So why did he feel Tobagonians choose to remain silent?

"Tobagonians are naturally paid back. We are very reserved and normally keep most of our thoughts to ourselves. So, you would hear things and say, 'Why are Tobagonians not riling up?'

"They would have a view but would prefer to keep it to themselves."

Asked, then, if this posture would have worked against them if Sandals did set up business on the island, Morris said: "Behaviour once repeated often enough, tends to be changed. So, with Sandals, which is service-oriented, it would have brought that culture to the entire scenario."

He claimed those in the agriculture sector were ready to "change their mentality" with a view to embracing modern technology in farming.

During a news conference at the Office of the Prime Minister, St Clair, on January 15, Sandals Resort International CEO Gebhard Rainer said the company was no longer interested in constructing a hotel in Buccoo.

Rainer said the decision was prompted by "negative publicity" and "consistent badgering."

Sceptics also complained Government was not forthcoming in providing details about the project, especially in relation to its potential impact on the environment.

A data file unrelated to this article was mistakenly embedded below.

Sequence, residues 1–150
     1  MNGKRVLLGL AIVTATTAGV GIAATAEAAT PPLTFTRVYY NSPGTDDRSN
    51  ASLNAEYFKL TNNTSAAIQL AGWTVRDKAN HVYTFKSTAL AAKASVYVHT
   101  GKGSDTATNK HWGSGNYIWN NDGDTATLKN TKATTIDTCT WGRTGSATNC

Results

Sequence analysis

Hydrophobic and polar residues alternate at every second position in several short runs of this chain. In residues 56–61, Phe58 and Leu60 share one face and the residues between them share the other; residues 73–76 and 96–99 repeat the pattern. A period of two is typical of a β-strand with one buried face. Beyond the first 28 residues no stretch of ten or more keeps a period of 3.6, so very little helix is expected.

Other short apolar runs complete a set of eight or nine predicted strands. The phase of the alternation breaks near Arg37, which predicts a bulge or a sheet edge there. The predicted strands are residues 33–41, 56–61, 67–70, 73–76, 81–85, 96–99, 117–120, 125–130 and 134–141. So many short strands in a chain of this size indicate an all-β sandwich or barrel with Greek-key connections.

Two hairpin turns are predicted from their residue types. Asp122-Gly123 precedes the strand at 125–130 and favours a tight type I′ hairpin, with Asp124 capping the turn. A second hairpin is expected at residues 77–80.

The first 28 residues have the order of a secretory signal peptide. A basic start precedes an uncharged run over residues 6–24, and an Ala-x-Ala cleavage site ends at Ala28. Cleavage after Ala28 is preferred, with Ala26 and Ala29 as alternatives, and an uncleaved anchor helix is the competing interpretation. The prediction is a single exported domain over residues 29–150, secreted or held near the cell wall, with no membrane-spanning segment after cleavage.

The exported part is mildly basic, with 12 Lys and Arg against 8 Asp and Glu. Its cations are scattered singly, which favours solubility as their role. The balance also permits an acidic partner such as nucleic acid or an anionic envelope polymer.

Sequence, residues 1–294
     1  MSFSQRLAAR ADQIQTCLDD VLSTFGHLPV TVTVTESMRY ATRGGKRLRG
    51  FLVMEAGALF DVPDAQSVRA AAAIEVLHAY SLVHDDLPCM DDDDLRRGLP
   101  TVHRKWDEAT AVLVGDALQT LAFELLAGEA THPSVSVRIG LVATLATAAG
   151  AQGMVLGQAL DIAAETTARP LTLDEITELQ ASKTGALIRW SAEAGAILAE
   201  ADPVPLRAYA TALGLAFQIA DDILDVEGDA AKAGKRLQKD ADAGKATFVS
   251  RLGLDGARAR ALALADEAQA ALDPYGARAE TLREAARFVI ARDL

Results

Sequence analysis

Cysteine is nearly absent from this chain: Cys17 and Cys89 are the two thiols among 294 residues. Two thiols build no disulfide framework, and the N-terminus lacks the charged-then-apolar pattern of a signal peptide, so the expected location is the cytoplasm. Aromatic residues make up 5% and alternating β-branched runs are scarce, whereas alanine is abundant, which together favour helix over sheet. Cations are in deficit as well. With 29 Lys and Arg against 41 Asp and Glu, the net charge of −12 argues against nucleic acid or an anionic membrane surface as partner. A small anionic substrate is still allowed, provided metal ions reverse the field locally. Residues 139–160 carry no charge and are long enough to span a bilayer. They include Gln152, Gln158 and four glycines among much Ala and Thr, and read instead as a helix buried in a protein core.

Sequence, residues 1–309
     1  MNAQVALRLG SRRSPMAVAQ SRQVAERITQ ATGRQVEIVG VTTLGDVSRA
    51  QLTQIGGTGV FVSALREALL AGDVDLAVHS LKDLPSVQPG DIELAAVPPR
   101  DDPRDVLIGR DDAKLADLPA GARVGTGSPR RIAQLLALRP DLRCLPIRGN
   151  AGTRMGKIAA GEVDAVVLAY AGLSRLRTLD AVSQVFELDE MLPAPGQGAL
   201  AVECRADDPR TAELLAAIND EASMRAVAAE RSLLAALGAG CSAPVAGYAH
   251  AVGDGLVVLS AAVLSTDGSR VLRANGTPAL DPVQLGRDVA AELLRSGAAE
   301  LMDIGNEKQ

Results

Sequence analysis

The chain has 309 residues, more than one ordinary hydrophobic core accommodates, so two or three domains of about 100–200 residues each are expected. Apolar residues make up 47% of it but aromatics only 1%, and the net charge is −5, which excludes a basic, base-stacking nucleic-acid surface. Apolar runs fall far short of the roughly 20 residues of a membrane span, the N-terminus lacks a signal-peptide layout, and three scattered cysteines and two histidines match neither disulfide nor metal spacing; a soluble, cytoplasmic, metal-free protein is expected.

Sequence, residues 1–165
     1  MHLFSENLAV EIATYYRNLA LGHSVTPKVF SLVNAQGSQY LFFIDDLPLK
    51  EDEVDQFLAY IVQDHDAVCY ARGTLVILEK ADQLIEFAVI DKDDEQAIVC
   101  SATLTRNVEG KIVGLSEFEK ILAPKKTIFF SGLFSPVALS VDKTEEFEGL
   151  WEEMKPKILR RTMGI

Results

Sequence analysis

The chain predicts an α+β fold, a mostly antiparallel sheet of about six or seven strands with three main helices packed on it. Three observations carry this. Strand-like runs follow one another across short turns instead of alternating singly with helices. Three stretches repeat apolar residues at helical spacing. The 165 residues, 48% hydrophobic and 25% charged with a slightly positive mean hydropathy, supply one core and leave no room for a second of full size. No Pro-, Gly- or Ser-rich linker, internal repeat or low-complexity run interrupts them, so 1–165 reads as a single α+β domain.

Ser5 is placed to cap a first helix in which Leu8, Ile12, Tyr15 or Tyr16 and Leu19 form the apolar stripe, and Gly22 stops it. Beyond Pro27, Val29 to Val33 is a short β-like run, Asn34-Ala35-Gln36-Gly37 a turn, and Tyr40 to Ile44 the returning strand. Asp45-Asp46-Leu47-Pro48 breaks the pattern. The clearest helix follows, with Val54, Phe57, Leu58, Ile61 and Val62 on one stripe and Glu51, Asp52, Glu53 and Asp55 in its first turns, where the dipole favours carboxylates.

Morris, who works in the tourism sector, agreed negative publicity did play a part in the company's decision to sever ties with the project.

"When one wants to disrupt any kind of development, we know that the environment is the easiest claim and the voices that started to put up those kinds of challenges, with Sandals being an international, reputable brand, would not want to be tied up with that."

He added: "It was the posture of all those who were actually laying claim to challenging Sandals. I am sure they made a business decision that said they were not going to go through all that for a destination they hadn't been tried and tested in."

Morris said Citizens In Support of Tobago Development was essentially a response to the failure of Tobagonians to speak out about the benefits that could have been derived from a Sandals on the island.

"This (group) is really a clarion call to all that when there are positive developments on the island, that we all come out in support as early as possible so that we don't lose opportunities like that."